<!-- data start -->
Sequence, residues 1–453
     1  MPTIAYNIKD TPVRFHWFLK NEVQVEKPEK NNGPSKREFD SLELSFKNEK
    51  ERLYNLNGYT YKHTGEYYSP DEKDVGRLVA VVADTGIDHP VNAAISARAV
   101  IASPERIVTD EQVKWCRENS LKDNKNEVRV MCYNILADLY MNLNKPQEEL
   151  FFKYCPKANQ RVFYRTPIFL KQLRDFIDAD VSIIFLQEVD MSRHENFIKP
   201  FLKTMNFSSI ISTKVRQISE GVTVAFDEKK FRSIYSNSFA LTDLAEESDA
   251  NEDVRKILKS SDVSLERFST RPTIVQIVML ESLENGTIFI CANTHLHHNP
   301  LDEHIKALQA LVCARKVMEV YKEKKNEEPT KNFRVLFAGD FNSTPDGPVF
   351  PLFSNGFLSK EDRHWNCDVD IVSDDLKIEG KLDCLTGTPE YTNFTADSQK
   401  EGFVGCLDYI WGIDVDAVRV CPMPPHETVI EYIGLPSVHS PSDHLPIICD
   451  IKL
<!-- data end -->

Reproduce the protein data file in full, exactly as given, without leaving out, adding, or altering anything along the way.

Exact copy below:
Sequence, residues 1–453
     1  MPTIAYNIKD TPVRFHWFLK NEVQVEKPEK NNGPSKREFD SLELSFKNEK
    51  ERLYNLNGYT YKHTGEYYSP DEKDVGRLVA VVADTGIDHP VNAAISARAV
   101  IASPERIVTD EQVKWCRENS LKDNKNEVRV MCYNILADLY MNLNKPQEEL
   151  FFKYCPKANQ RVFYRTPIFL KQLRDFIDAD VSIIFLQEVD MSRHENFIKP
   201  FLKTMNFSSI ISTKVRQISE GVTVAFDEKK FRSIYSNSFA LTDLAEESDA
   251  NEDVRKILKS SDVSLERFST RPTIVQIVML ESLENGTIFI CANTHLHHNP
   301  LDEHIKALQA LVCARKVMEV YKEKKNEEPT KNFRVLFAGD FNSTPDGPVF
   351  PLFSNGFLSK EDRHWNCDVD IVSDDLKIEG KLDCLTGTPE YTNFTADSQK
   401  EGFVGCLDYI WGIDVDAVRV CPMPPHETVI EYIGLPSVHS PSDHLPIICD
   451  IKL